Let's just pretend I do, though, huh????

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  64. Hey Missy, I'm back again. I was just looking at the RWA workshop schedule and realized they are doing one on subtext.

    Subtext: Not Just Another Buzzword (CRAFT)
    Speaker: Sherry Thomas
    What is subtext, and why is it so important? Come discover advanced techniques for avoiding on-the-nose writing, and learn to create stories with subtle, but compelling, depth.

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  65. Love the picture of you and your Mom! So precious!
    Thanks for this information on subtext and for the book references. I'll be adding those to the mile-high stack of books to be read!

    I'm so far behind in reading books - but I just finished "The Guy Next Door" and loved it!

    Please enter my name in the drawing for your new book!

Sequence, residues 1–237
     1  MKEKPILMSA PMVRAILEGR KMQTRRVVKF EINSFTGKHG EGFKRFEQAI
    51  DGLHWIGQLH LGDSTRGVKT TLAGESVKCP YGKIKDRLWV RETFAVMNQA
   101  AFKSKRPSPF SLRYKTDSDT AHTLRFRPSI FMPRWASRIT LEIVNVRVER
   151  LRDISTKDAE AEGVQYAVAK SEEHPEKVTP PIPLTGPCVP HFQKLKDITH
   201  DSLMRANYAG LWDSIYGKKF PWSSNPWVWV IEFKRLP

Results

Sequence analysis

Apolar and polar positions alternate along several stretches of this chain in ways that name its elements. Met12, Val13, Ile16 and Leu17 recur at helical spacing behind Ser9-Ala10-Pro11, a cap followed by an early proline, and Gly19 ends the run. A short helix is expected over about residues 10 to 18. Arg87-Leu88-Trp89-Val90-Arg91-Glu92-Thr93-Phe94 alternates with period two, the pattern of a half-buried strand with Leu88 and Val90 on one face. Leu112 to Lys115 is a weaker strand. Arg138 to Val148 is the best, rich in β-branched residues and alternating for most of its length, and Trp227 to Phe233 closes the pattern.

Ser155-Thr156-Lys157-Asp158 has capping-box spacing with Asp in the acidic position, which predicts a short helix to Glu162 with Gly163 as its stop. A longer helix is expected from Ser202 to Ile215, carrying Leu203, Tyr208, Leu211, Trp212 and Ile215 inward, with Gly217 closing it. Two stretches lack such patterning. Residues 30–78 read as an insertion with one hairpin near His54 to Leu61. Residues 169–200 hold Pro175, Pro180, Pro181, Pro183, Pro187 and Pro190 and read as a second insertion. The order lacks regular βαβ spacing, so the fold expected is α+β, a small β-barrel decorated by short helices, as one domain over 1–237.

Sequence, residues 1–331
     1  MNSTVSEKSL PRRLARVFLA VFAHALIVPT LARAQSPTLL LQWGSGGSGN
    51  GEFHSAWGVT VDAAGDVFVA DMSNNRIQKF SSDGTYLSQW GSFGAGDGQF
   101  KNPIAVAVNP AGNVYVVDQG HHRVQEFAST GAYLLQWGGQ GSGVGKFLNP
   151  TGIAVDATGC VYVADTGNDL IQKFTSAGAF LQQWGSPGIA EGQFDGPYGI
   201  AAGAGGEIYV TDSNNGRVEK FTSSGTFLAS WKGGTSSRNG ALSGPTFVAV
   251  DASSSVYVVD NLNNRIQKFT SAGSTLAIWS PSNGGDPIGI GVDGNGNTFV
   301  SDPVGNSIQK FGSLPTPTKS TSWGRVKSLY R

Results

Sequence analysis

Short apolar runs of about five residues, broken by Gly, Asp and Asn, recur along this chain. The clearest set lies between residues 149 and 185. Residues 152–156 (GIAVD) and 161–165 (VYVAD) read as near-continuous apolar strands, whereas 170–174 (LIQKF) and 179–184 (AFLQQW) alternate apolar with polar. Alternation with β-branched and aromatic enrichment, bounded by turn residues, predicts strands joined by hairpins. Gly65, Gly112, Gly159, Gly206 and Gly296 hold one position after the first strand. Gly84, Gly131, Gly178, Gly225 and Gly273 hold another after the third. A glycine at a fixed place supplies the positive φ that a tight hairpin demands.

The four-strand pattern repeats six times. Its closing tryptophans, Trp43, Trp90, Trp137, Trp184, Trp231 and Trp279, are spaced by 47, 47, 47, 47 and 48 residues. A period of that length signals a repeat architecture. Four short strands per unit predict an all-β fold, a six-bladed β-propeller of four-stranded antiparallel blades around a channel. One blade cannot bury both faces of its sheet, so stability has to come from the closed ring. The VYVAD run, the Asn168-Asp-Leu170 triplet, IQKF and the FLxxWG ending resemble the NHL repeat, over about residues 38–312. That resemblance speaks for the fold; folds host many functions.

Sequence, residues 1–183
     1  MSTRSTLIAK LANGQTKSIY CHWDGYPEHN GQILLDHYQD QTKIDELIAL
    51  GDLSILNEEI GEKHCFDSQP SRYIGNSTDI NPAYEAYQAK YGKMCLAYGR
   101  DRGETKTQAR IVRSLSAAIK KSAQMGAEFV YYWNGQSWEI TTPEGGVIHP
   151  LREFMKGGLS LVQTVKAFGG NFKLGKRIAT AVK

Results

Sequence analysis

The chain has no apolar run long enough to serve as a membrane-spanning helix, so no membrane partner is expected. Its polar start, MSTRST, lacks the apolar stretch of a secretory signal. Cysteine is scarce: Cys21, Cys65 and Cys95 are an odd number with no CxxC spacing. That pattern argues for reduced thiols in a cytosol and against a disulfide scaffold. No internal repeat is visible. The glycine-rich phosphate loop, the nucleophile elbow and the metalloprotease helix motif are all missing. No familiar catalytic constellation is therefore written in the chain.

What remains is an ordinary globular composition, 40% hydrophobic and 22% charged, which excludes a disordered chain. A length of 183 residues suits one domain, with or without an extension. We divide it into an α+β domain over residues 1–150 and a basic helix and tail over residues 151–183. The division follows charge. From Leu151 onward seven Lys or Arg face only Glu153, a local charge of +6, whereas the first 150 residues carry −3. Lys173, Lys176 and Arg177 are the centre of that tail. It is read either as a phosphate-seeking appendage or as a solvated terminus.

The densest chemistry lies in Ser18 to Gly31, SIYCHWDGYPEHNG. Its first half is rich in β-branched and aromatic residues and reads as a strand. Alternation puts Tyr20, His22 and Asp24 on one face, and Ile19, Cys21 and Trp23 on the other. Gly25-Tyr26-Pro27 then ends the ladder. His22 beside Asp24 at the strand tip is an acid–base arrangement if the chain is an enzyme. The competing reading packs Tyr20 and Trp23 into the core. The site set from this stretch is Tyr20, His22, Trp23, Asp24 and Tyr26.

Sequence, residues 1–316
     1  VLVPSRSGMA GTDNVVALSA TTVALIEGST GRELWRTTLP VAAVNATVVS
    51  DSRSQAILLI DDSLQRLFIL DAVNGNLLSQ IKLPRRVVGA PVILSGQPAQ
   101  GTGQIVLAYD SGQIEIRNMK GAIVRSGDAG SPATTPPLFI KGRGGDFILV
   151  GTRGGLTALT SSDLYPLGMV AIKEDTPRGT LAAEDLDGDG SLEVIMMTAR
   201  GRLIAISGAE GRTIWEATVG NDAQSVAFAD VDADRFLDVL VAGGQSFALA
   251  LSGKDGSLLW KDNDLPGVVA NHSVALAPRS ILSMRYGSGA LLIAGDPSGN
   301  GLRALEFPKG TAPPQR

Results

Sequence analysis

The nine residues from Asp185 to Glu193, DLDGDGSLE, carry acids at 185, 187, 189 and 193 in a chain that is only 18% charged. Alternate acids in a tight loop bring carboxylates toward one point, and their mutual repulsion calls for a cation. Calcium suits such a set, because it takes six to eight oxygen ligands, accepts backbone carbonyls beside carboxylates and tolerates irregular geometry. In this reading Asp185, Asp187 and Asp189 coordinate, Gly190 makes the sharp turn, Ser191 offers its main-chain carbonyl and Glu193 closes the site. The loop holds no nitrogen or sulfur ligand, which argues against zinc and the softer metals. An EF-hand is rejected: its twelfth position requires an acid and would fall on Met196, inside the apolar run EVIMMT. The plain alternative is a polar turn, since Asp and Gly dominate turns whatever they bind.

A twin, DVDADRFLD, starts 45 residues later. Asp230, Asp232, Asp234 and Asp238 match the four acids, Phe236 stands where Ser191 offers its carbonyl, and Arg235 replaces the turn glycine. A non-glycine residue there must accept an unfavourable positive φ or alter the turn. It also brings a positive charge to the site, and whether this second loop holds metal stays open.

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  66. Mary, I bet if I go read a passage in one of your books right now that you have it. You just don't know you do! :)

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  67. Mary Curry, how cool!! I'll have to be sure to attend that. :)

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  68. I love the picture of you with your mom. Great article.
    Your new book looks great. I would love to win one.
    Thanks
    Becky Boerner

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  69. Edwina, thanks for reading! I'm glad you liked The Guy Next Door. :)

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  70. Thanks, Becky! I've got you entered.

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  71. I hadn't really thought about subtext, but this gives me some things to think about. I do think that some of the context is being called subtext. When Cara mentioned about being able to hear what everyone was thinking, it made me think of the movie "What Women Want".

    Please put me in for a copy of your book.

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  72. Thanks for stopping by, Becky! Yeah, maybe the word context is good for some of it as well.

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  73. Thanks for the great sub-text tips, Missy! I would LOVE to win your book!